"a fish, a barrel, and a smoking gun"
for 21 August 1997. Updated every WEEKDAY.

Hit & Run XCVII


[The cover of Spy Magazine featuring a smiling Peewee Herman with a friend. Peewee is my role model and, hopefully, will be many children's role model in the future.]

Since its resurrection, Spy's

Rasputin-like existence has

suggested a band of insiders

bent on producing issues so free

of quality as to sabotage the

whole thing. Sure, usually it's

fun to watch a magazine die

(especially when it tries to

hire or pander its way out of

its fate - like, say, Esquire),

but Spy's death throes have made

for less-than-bad theater -

they've made for bad comedy. In

sustaining this prolonged and

erratic morbidity, the

September/October issue is,

well, kinda good. Highlights

include an exhaustive memoir of

Original Zinester and Channel 35

excrescence Al Goldstein, a

phone prank involving the

"director's cut" of the Tony

Danza vehicle She's Out of

Control, chilling interviews

with Cosmo's 101 Sexiest,

Smartest, Funniest, Most

Passionate, Ready-to-Commit Men,

and a thorough parody of The New

York Times Magazine. While the

issue is still ad-anemic enough

to line a modestly sized

birdcage (no news there), the

general funnying up suggests

second thoughts on

assassination. The undead Spy

has often (well, sometimes) been

better than it gets credit for,

and some institutions maybe

deserve a smidgen of respect -

especially when so few of their

studiously snide godchildren are

still breathing.


[The Nissan Motors logo, in all its splendor, and very appropriate to the story it helps illustrate!]

In advertising, no one can hear

you scream. Or, what's worse,

they confuse your yelps of pain

with squeals of delight, and

complaints about annoying ad

campaigns get transposed into

triumphs of "brand recognition."

At least, that explains Nissan's

decision to trumpet last week's

birthday of their "Enjoy the

ride" campaign. "Our research

showed that people hated

automobile ads," spouted Nissan

content-generator Tom Orbe,

whereas Nissan customers "tell

us over and over that they love

the campaign and, most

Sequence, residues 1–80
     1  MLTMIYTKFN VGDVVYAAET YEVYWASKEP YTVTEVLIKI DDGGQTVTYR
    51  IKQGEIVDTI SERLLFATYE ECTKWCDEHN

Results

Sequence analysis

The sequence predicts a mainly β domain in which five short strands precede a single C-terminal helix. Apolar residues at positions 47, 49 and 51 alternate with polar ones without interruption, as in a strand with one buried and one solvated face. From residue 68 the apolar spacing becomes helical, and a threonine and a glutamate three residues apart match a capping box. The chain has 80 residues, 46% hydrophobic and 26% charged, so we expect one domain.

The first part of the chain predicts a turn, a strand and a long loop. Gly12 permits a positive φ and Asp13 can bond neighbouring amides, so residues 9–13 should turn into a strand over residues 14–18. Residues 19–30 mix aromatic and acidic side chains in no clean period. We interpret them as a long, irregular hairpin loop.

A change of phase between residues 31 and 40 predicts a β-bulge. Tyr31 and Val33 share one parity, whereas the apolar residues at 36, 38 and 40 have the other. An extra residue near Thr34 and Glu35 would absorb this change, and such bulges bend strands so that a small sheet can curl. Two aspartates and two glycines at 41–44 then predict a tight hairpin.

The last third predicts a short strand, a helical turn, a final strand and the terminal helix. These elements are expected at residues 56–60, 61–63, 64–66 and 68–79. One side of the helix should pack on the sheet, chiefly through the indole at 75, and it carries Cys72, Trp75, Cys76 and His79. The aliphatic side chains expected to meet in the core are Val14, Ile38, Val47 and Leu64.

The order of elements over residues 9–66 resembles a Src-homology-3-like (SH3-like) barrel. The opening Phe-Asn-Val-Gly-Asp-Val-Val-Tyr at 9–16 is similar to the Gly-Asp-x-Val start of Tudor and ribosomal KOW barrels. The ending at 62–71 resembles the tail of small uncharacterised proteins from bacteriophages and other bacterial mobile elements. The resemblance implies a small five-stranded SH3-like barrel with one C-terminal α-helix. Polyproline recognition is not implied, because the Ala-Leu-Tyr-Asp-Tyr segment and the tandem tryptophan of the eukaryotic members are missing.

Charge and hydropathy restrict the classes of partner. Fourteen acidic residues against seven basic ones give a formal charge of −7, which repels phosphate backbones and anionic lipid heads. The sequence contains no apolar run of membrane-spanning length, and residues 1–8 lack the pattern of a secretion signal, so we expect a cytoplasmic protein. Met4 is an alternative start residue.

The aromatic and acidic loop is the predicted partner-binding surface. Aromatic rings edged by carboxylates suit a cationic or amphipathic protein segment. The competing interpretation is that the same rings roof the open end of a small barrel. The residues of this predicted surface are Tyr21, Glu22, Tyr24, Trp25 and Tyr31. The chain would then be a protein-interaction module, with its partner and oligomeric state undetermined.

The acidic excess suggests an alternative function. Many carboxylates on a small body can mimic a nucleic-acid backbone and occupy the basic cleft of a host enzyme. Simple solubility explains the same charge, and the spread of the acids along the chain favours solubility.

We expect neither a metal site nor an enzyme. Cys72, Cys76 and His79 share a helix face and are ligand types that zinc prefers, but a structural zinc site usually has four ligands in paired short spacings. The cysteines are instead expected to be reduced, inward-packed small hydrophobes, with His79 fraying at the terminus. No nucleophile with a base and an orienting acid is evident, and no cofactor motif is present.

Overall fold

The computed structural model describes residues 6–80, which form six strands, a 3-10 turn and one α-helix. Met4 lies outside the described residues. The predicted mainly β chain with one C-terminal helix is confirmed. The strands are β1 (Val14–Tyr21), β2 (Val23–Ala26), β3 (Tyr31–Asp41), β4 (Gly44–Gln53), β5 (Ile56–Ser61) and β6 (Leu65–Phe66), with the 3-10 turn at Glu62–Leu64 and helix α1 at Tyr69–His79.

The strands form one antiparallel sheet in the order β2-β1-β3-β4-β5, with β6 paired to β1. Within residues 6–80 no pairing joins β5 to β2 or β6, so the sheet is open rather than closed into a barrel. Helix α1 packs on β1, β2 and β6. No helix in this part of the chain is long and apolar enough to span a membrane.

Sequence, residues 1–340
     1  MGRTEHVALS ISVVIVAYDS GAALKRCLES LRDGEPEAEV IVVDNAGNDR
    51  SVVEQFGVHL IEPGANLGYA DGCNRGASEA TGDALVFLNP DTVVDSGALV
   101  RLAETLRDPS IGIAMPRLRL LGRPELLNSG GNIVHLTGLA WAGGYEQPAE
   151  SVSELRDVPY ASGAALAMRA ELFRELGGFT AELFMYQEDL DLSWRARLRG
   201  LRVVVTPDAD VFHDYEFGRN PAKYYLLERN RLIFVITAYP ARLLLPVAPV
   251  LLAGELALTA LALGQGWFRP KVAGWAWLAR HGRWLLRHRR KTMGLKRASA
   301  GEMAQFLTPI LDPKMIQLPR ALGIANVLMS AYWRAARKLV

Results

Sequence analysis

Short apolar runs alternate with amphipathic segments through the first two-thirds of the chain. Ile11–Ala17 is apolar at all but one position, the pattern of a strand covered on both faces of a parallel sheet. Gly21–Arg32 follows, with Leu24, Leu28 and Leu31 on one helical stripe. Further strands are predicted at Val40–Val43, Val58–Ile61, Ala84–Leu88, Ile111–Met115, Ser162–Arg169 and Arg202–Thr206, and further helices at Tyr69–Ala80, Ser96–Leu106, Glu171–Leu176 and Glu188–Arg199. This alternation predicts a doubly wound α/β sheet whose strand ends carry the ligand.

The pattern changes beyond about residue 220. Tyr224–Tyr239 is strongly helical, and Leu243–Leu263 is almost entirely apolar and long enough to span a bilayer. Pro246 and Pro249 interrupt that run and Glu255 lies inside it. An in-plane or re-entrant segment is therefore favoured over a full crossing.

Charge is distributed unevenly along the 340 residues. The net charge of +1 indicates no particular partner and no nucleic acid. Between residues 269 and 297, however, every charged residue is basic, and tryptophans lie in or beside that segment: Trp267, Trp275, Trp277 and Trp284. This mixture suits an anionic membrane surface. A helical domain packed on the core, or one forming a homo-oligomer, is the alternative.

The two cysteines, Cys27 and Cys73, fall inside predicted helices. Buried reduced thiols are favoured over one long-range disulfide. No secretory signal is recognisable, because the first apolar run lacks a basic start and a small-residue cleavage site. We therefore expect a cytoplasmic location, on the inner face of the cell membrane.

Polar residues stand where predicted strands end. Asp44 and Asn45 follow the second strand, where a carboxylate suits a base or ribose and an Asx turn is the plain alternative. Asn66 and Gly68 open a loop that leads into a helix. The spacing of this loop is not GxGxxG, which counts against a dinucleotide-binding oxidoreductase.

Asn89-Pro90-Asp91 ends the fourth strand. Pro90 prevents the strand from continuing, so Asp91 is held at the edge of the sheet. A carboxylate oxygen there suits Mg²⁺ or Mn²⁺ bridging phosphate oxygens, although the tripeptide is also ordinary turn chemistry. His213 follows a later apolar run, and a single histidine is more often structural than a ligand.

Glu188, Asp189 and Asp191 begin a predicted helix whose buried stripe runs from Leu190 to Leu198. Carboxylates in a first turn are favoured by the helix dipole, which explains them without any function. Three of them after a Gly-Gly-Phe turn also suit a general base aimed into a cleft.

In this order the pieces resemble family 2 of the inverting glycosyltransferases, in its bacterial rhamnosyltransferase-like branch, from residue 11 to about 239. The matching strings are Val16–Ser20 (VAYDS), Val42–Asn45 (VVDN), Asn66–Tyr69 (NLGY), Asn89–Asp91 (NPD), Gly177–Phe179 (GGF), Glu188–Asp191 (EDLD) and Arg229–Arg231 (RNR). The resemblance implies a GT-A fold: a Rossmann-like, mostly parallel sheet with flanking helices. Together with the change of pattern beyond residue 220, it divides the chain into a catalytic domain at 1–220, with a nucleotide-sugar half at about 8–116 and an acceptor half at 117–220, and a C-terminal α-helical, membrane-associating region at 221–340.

especially, our magical man."

They're right about one thing -

people hate car ads. In fact, we

at Suck hate this series of ads

as well, so excuse our

obsession with this "magical

man" who appears

ever-so-enigmatically on

billboards across the country.

Though actual sales of Nissan

cars dropped 3.2 percent in

1996, the campaign continues to

coast, proving our previous

observation that the solution to

people hating car ads is to not

even try to sell cars. Sell action

figures instead!


[This is a picture of an illustration of some sort of futuristic world. I'm not so sure it is appropriate to the story but it's very science-fiction-like. It scares me.]

As the toy-soldier battle over

the right to make gewgaws based

on the Star Wars prequel

trilogy suggests, the money's in

more portable vessels of

consumer identity, anyways. Bids

have now topped the US$1 billion

mark, and toy manufacturers are

starting to grumble. "It's

similar to paying Sylvester

Stallone $20 million," one exec

groused to The Wall Street

Journal on Tuesday, referring to

the 1995 salary misstep that

eventually produced both The

Cable Guy and Cop Land. While

that analogy does open the

tantalizing possibility of a Todd

Haynes film based on Stallone's

fluctuating career (and weight),

we know what he means: Will it

be worth it? Current sales of

mid-series Star Wars thingees

make up 10 percent of Hasbro's

entire revenue, and almost half

of Galoob's, but the toy

industry is littered with the

mangled plastic bodies of action

figures that just didn't move.

(Anyone want to unload a Lost

World Vince Vaughn?) One

solution might be to share the

cost of the licensing deal with

someone who can sell little

people but doesn't care

about profits: Nissan. People

the Nissan ads with miniature

Ewan Macgregors, slap an oval on

the pre-Millennium Falcon, and

feel the force of brand

extension at a theater near you.


[This is a photograph of a happy postal worker. It's gotta be some kind of ad campaign. The smiling ups employee is actually an actor.]

"Strikes are ugly. Businesses get

disrupted, employees who had

worked together become

adversaries, and people get

hurt." So went a sermon from

the editorial page of the

Washington Business Journal this

past Tuesday. The editorial

concerned the AFL-CIO's new $5

million pro-union ad campaign,

but it was hard not to think of

the culminating UPS strike as

well. The WBJ contends that,

since the strike is a union's

"ultimate weapon," the shiny,

happy people in John Sweeney's

new ad campaign are merely a

duplicitous front for the

violent, chaotic murk of

eco-political dissent. It's

worth remembering, however, that

UPS had an injury rate in 1996

of 33.8 per 100 workers - more

than two and a half times the

industry average - and actively

worked to defeat the institution

of OSHA ergonomic standards

designed to prevent such

injuries. Despite the death of

one strike-breaking driver and

the stabbing of one scab in

Miami, one could easily argue

that UPS employees got a

much-needed rest these past two

weeks. Maybe John Sweeney could

commission Barry Manilow to

reprise his jingle-writing

success for McDonald's: "You

deserve a break today/So walk

out and strike today...."

courtesy of the Sucksters

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